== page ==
The Origin of Tink
I learned to crochet young. I remember my Mum would crochet doll's blankets for me and my sister, but I think that was the extent of her talent and interest. Once my sister and I were too big for dolls, I don't think she ever crocheted again.
Her Mum, my Nanna, taught me and my sister to knit when we were perhaps six or seven years old. My Mum has a photo of that very day; my sister and I sitting on my Nanna's sofa proudly holding up our first ever pieces of knitting. Or rather, some straggly material which was mostly gaping holes with a bit of yarn around them.
I would love to be telling you that I've been knitting and crocheting ever since, but that would be a lie. I returned to it now and again over the years. I remember crocheting lap blankets for my nieces; a slight improvement on Mum's doll blankets, but then nothing else.
It really wasn't until, having worked full time all of my life, I took time out after having my baby that I got seriously into it. There's something about babies and making baby clothes that inspires even reluctant or occasional knitters to have another go.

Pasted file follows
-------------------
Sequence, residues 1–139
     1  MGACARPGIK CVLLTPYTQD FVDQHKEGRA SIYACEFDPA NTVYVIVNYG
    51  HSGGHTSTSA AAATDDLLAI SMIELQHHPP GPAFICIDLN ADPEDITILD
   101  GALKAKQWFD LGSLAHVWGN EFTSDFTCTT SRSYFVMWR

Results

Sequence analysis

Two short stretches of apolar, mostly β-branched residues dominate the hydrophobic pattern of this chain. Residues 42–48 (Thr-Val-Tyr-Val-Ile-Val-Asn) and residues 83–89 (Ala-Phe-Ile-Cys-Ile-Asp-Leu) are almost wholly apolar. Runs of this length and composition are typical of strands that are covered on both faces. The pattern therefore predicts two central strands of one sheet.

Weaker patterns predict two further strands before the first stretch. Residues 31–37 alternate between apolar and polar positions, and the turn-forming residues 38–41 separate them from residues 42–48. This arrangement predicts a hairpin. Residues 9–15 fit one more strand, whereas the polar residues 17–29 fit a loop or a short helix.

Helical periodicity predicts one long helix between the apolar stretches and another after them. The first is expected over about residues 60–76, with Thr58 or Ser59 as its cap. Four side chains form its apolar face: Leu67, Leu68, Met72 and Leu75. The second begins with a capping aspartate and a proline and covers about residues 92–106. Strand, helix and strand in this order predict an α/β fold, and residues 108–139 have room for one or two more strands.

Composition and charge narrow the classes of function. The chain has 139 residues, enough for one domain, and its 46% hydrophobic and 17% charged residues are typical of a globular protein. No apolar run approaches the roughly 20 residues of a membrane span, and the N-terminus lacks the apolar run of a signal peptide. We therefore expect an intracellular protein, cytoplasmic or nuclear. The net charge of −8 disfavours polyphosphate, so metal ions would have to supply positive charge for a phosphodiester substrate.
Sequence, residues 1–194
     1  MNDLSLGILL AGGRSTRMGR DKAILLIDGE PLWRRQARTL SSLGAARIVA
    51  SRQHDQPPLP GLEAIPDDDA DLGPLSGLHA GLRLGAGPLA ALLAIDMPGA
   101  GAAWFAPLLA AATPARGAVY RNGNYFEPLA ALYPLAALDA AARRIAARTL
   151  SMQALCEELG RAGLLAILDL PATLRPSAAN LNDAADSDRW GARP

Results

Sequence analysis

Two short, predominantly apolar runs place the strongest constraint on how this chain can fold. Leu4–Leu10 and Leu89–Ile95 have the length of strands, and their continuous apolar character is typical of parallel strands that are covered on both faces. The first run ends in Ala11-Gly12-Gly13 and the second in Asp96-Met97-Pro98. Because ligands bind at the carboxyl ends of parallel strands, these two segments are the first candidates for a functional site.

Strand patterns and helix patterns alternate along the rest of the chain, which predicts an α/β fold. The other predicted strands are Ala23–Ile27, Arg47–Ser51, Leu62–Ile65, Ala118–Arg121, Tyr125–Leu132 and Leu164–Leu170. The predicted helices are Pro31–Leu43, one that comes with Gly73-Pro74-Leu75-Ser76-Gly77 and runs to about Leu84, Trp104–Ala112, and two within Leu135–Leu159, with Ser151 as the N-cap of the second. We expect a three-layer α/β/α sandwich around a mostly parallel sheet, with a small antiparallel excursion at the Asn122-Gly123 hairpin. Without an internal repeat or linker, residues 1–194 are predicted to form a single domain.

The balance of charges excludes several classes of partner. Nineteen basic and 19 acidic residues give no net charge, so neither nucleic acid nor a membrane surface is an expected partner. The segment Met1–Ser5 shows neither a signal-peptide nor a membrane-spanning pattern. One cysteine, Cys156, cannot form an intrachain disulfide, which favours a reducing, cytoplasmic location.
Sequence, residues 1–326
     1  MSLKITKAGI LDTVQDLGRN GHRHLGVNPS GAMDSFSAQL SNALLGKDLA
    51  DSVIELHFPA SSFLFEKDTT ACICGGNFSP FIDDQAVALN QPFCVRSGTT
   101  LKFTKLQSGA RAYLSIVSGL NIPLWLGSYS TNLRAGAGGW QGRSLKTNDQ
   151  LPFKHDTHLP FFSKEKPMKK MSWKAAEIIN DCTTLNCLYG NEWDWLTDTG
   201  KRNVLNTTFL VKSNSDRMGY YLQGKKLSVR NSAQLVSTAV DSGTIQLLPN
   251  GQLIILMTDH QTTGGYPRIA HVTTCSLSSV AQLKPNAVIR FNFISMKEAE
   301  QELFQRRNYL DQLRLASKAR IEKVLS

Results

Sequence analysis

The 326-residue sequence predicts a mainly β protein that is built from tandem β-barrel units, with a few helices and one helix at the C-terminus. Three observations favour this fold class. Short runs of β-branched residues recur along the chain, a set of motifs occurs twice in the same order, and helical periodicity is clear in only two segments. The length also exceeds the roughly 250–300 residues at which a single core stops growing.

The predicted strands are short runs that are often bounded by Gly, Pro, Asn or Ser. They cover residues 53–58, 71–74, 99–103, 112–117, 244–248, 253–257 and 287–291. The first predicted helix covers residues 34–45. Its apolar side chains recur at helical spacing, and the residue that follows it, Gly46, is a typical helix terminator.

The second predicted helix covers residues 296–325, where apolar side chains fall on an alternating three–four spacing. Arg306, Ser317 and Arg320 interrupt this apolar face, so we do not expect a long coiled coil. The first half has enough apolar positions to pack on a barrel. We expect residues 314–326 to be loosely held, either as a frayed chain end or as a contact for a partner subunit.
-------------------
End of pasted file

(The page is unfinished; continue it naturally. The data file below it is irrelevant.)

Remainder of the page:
Not that you immediately have a load of free time when you're at home with a small baby; for the uninitiated, it's actually the opposite. It was when she was about seven to eight months old, sleeping all night and in her own room when I found something I'd known and completely and utterly unappreciated before. Free evenings.
So having taken up the crochet hook, and later knitting needles, because of my little daughter, it's perhaps no great suprise that the items I focussed on and then the Folksy shop I created were based around woolly items for little girls. She is the Tinky Tonk, nicknamed since infancy because she is, well, quite a bit of a tinker. And she loves Tinkerbell. And her first name is Tonk*